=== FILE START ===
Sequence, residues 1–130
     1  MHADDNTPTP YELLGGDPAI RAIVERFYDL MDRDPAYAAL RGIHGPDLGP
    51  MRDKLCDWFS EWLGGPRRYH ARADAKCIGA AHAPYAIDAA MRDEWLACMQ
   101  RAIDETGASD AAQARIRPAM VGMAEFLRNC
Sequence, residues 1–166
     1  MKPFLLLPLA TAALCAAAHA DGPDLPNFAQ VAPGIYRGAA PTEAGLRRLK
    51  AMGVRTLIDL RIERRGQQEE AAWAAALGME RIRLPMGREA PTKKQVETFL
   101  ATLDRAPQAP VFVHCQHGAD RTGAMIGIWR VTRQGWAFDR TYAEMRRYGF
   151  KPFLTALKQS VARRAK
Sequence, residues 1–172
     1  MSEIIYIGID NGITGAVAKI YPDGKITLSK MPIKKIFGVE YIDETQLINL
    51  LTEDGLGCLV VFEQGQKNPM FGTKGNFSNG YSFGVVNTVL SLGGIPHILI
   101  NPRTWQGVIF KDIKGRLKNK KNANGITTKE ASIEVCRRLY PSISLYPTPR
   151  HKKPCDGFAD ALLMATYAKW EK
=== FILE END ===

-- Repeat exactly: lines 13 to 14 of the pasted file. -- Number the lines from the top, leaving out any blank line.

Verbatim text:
   101  NPRTWQGVIF KDIKGRLKNK KNANGITTKE ASIEVCRRLY PSISLYPTPR
   151  HKKPCDGFAD ALLMATYAKW EK